If that were to happen, Republican strategists would place heavy pressure on popular Gov. Mike Rounds to run for an open seat, and while the governor doesn’t seem very interested now, he might find it hard to resist an open seat.
One Democrat familiar with South Dakota politics argues that given Rep. Stephanie Herseth Sandlin’s apparent preference to run for governor — her grandfather was governor and her father ran unsuccessfully for the office — the Democratic Congresswoman might well decide against an uphill run against Rounds for the Senate. But all of this is moot if Johnson runs for re-election.
The best-case scenario for Democrats assumes that the 2008 elections again turn into a referendum on the previous four years, on Iraq and, at least to some extent, on Bush’s presidency.
The best-case scenario for Republicans is that the presidential race is close, the Democrats’ ticket both energizes Republican voters and frightens independents, and, for a variety of reasons (including the withdrawal of some U.S. forces from Iraq), voters return to their traditional voting patterns.
At the moment, and despite Congressional job-approval poll numbers, Democrats appear more likely to take advantage of the public’s dissatisfaction with the direction of the country and the electorate’s desire for change.
Obviously, things could change in the next 14 months. But for now, Democrats have every reason to hope for — and Republicans to fear — another terrific Democratic Senate year. And if that happens, especially if it is combined with a Democratic president, things will really change in Washington, D.C.
This column first appeared in Roll Call on September 10, 2007. Copyright 2007 © Roll Call Inc. All rights reserved. Reprinted with permission.
Wednesday, September 12, 2007
By Nathan L. Gonzales
The fate of governors nationwide currently is in the hands of two very young operatives.
Democratic Governors Association Executive Director Nathan Daschle, 33, and Republican Governors Association Executive Director Nick Ayers, 25, lead multimillion-dollar campaign committees that could impact Congressional redistricting and even produce a future president of the United States.
Ayers is from Atlanta and attended Kennesaw State University, 20 miles north of the city. But before he finished school, at age 19, he signed on to help Republican Sonny Perdue in his long-shot bid to defeat incumbent Georgia Gov. Roy Barnes (D). After Perdue’s 51 percent to 46 percent upset victory, Ayers continued to work as a political adviser to the governor.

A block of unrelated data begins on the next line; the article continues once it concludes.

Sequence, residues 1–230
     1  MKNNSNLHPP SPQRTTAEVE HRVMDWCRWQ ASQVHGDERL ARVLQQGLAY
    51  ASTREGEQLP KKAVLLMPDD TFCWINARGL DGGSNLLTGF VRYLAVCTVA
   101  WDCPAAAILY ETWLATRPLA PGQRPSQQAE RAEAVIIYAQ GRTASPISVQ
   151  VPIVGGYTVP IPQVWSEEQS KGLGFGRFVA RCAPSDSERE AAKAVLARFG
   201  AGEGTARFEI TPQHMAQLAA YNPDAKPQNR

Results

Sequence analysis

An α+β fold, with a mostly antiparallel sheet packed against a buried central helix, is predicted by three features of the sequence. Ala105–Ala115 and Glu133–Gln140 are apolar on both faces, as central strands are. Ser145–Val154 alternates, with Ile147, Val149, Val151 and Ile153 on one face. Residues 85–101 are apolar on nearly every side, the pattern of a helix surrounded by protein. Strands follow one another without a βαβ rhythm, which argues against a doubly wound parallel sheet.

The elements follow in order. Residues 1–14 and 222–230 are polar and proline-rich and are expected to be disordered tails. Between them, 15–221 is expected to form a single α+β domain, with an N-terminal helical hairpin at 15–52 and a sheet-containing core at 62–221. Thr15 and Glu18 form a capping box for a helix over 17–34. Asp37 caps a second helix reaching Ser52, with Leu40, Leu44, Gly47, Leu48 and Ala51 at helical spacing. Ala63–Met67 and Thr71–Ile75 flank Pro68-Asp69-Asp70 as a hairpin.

In 2004, Ayers guided Karen Handel’s (R) successful run for the Fulton County Board of Commissioners. (She is now Georgia’s secretary of state after her 2006 victory.) After Handel’s initial victory, Ayers focused on Perdue’s 2006 re-election race, which he won convincingly, 58 percent to 38 percent.
When Perdue was subsequently elected chairman of the RGA, the Georgia Republican appointed Ayers to manage the committee.
While Ayers is a political animal, Daschle’s profile is much different, despite his political pedigree.
Daschle was raised in Washington, D.C., and is the son of the former Senate Democratic Leader Tom Daschle (S.D.). Nathan Daschle graduated from Northwestern University in 1995 and went to work on Tom Strickland’s (D) unsuccessful U.S. Senate campaign in Colorado. Ironically, GOP operative Dick Wadhams managed the campaign of then-Rep. Wayne Allard (R), who defeated Strickland, and of John Thune (R), who defeated Sen. Daschle in 2004.
“Dick Wadhams has been terrorizing my family for many years,” Daschle joked.
After Colorado, Nathan worked for the Natural Resources Defense Council as a legislative associate and for the American Federation of State, County and Municipal Employees as a legislative representative. He went on to Harvard Law School, graduating in 2002, and then to work as an attorney at Covington & Burling.
In 2005, Daschle became director of policy and counsel at the DGA, where he served until becoming executive director earlier this year.
This story first appeared in Roll Call on September 6, 2007. Copyright 2007 © Roll Call Inc. All rights reserved. Reprinted with permission.
Tuesday, September 11, 2007
By Nathan L. Gonzales
Two Washington, D.C.-based campaign committees are changing their strategies — moves that could benefit Members on Capitol Hill and undoubtedly will affect redistricting after the 2010 Census.